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    Hiding and Seeking

    Sixty years of secrets

    In the new documentary "Hiding and Seeking," survivors — some of whom hid the others from the Nazis — offer yet another perspective on the question, can Holocaust histories become too much of a bad thing?


    In the recent update of her monumental study, "Film and the Holocaust," Annette Insdorf estimated that for every Holocaust documentary that actually gets seen, there are at least six others made. (She lists almost 70 — an average of one every two months — made since 1990.) In the last year alone, we've seen at least five Holocaust docs, including "Secret Lives," "The Nazi Officer's Wife" and "Bonhoeffer," and two features, "Taking Sides" and "The Statement."

    Full title: Hiding and Seeking: Faith and Tolerance after the Holocaust.
    Directed by: Menachem Daum, Oren Rudavsky.
    "Hiding and Seeking," is a deceptively simple home movie cum documentary by Menachem Daum and Oren Rudavsky. But it speaks directly to the above Holocaust documentary question — posed in an article last June by New York Times' writer Barry Gewen — that prompted a flurry of letters. Most reiterated that there could never be enough Holocaust films because each experience was singular.

    But some singularities are more singular than others and "Hiding and Seeking" features yet another aspect of the holocaust experience, previously undocumented. "Hiding and Seeking," the second of Daum's proposed trilogy on Jewish responses to the Holocaust (his first was "A Life Apart: Hasidim in America") is a deceptively small and personal film about the immense question of "intolerance of the other."

    During World War II, Daum's father-in-law and his two brothers were rescued by Christian neighbors in his native Poland. Yet the father-in-law, like many other Holocaust survivors, considers all Poles to be "incurably anti-Semitic and beyond redemption." And these are the views he's passed along to his grandsons, Tzi Dovid and Akiva, who are yeshiva students in Israel. For Daum, a secular humanist born in a DP camp (as was his wife, Rifka), this film became his hope of stopping the intergenerational transmission of hatred within his own family.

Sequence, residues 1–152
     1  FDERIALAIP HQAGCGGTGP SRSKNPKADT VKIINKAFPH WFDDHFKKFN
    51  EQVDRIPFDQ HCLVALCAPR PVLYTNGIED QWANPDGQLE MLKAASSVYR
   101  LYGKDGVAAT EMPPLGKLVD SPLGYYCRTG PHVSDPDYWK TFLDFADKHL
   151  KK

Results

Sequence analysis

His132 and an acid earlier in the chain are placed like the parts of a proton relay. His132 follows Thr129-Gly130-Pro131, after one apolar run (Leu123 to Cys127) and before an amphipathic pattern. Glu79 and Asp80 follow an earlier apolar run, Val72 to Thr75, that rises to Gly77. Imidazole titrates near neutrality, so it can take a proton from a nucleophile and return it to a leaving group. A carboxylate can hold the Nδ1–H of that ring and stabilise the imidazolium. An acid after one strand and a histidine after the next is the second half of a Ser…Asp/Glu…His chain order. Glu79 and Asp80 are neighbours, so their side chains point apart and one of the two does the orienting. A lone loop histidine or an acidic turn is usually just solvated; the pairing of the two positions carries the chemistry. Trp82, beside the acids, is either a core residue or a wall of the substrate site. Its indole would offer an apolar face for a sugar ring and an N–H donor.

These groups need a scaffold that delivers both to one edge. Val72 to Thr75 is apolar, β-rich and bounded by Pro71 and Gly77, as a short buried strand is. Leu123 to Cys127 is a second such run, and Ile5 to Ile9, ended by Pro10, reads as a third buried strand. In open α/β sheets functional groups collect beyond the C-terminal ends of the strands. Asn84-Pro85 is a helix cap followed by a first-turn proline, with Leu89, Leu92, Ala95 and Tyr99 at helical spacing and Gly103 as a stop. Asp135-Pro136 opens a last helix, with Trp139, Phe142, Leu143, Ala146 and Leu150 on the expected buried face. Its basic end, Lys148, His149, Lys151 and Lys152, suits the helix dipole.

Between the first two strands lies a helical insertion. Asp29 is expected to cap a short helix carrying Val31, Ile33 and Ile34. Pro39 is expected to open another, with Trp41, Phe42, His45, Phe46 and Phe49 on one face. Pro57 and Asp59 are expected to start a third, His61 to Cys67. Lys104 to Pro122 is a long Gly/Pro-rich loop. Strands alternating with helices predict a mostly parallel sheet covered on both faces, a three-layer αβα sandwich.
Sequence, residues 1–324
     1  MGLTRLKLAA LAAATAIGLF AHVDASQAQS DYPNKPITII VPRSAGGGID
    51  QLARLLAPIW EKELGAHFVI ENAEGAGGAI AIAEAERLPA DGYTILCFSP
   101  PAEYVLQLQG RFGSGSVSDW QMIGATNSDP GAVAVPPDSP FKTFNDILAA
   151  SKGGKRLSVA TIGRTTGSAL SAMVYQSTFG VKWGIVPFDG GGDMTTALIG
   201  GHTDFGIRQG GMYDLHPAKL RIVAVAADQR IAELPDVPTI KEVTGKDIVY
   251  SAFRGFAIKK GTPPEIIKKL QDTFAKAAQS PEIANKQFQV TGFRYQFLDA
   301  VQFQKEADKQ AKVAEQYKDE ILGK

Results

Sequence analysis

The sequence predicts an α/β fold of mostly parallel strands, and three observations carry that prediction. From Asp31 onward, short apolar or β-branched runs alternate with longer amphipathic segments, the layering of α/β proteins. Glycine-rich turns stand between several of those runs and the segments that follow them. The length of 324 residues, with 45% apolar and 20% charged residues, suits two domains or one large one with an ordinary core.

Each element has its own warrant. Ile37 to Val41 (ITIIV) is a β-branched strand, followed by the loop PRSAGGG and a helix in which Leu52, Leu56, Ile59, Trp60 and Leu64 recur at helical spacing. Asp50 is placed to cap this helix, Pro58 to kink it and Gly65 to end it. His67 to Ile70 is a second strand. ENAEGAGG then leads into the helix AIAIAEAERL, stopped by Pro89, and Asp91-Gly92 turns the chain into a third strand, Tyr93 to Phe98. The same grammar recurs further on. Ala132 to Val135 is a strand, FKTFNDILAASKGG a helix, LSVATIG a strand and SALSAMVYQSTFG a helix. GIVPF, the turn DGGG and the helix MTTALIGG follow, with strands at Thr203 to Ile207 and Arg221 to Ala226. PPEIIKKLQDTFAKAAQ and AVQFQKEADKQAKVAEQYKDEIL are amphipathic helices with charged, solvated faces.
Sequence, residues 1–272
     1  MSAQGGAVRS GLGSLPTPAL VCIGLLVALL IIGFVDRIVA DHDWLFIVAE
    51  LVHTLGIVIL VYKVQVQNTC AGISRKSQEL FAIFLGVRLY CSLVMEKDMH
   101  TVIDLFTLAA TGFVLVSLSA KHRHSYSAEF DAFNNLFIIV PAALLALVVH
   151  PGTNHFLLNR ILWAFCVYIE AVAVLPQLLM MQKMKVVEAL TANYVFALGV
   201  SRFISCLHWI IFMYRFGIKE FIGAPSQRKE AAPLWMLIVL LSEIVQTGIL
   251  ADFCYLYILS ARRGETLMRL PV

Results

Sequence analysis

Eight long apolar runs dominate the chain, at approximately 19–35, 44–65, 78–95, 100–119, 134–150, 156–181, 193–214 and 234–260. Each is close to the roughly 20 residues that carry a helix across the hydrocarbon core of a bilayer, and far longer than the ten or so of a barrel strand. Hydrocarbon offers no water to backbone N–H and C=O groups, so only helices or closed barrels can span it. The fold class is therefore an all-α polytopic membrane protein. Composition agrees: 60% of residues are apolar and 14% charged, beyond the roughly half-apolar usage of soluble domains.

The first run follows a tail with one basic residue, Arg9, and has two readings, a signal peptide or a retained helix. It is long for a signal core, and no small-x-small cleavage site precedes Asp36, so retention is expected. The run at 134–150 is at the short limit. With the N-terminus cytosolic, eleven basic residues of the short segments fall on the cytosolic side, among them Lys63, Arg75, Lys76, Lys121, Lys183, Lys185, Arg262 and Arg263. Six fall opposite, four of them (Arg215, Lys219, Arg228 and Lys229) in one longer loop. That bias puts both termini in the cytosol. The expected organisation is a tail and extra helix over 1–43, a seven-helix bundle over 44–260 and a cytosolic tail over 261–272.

A visit to Poland finds Jews as scarce as hen's teeth. But it also uncovers several small miracles, including the discovery of two of the actual rescuers still living on the same Polish farm where Rifka's father and his two brothers were hidden 60 years earlier. The rescuers explain what great personal risk they took hiding three Jewish boys, and their disappointment at never hearing from any of them again is as palpable as it is surprising.

    The film moves us in unsuspected ways as six decades later father and sons join together to honor the saviors of their father-in-law/grandfather/uncles. But there is no Hollywood happy ending. While Daum's sons are clearly moved, they are not convinced nor do they give up their intolerant ideas. As one of them says, "they [the Polish people] would probably do it again," an eerie echo of myriad testimonies in "Shoah," Claude Lanzman's harrowing 1985 filmed oral history of the Holocaust in Poland.

    FEBRUARY 7, 2004

    Reader comments on Hiding and Seeking:

  • Documentary film: Hiding and Seeking   from Abruzzo04, Apr 19, 2004
  • Thought Provoking   from Peggy Durfey, Feb 5, 2006
  • Letters were exchanged...   from Jay Schwartz, Jul 28, 2007

  • Post a comment on "Hiding and Seeking"